mother-and-child bonds. Harlow's work
suggested that while feedings are important,
it is the physical closeness and contact that
provides the comfort and security that a child
needs for normal development.
• His theory hinged on the universal need
for contact. Harlow's famous wire/cloth
"mother" monkey studies
demonstrated that the need for
affection created a stronger bond
between mother and infant than did
physical needs (food).
• Harlow carried out a number of variations using sixteen
young isolated monkeys who were separated from their
mother a few hours after birth.
• First, he showed that mother love was emotional rather
than physiological, substantiating the adoption-friendly
theory that continuity of care—“nurture”—was a far more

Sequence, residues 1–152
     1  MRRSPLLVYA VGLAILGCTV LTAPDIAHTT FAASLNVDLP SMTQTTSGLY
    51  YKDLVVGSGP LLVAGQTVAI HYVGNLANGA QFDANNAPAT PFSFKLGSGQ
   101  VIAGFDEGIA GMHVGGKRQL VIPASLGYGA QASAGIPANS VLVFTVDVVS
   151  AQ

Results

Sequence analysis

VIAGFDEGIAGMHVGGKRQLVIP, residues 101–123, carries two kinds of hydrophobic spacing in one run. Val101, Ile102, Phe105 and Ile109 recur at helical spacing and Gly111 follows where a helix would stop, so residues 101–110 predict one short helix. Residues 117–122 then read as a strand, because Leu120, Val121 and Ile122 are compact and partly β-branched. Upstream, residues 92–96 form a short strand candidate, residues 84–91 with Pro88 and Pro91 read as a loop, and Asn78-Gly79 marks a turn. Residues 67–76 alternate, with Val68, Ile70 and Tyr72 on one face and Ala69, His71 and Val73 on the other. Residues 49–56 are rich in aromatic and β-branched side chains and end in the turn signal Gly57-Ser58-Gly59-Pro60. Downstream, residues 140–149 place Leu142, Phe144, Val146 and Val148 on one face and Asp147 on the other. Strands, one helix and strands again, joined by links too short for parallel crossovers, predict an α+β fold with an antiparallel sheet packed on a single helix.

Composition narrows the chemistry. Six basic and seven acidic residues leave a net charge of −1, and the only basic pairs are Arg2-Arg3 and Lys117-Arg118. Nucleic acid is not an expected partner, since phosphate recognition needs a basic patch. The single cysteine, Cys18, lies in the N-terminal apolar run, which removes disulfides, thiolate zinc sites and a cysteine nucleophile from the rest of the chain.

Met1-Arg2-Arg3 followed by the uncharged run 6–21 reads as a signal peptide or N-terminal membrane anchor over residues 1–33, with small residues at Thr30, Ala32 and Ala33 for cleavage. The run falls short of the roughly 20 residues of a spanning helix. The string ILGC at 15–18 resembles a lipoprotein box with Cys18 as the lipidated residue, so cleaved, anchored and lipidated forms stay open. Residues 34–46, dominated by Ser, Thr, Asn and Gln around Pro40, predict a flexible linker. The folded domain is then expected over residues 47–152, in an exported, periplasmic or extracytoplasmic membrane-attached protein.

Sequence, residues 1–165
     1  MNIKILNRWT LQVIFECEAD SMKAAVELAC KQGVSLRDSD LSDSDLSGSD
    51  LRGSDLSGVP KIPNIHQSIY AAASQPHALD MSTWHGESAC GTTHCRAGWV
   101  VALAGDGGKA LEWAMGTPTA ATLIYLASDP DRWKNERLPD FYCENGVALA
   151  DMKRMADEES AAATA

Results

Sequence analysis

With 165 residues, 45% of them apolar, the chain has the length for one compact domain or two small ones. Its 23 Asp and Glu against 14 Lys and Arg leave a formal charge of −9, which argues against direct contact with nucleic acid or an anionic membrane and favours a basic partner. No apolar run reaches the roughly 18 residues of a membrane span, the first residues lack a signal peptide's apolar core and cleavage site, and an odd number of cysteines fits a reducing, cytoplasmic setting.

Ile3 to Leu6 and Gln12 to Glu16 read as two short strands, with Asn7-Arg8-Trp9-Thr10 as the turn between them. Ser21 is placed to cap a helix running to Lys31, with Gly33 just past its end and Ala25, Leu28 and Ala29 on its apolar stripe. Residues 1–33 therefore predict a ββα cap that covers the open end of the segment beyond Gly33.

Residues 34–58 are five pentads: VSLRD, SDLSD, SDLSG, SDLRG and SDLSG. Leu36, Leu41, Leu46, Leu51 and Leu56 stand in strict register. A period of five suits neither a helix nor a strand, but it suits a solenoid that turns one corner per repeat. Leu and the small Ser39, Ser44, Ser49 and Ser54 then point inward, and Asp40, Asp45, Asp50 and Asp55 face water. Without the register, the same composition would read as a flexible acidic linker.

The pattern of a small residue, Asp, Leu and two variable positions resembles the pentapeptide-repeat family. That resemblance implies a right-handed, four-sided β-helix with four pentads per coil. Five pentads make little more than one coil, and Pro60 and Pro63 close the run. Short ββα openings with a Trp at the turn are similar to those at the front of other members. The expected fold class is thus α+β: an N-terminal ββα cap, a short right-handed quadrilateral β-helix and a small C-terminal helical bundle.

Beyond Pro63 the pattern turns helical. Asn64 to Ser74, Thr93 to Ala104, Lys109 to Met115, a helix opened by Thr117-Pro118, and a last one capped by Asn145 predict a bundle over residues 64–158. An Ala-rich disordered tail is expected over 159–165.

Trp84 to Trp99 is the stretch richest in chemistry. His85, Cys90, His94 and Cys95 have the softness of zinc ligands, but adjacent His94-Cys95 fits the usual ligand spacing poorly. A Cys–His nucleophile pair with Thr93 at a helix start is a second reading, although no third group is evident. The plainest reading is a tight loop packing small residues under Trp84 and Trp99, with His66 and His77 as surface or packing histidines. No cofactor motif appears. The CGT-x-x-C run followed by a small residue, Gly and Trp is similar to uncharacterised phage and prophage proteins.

determining factor in healthy psychological development
• Second, he showed that capacity for attachment was
closely associated with critical periods in early life, after
which it was difficult or impossible to compensate for the
loss of initial emotional security.
• The experiment was conducted on 2 groups.
• In the first group, the terrycloth mother provided
no food, while the wire mother did, in the form
of an attached baby bottle containing milk.
• Harlow’s first observation was that monkeys
who had a choice of mothers spent far more
time clinging to the terry cloth surrogates, even
when their physical nourishment came from
bottles mounted on the bare wire mothers.
• This suggested that infant love was no simple
response to the satisfaction of physiological
needs. Attachment was not primarily about
hunger or thirst. It could not be reduced to
• He modified his experiment and made a
second important observation.
• When he separated the infants into two groups
and gave them no choice between the two
types of mothers, all the monkeys drank equal
amounts and grew physically at the same rate.
But the similarities ended there.
• Monkeys who had soft, tactile contact with
their terry cloth mothers behaved quite
differently than monkeys whose mothers were
made out of hard wire.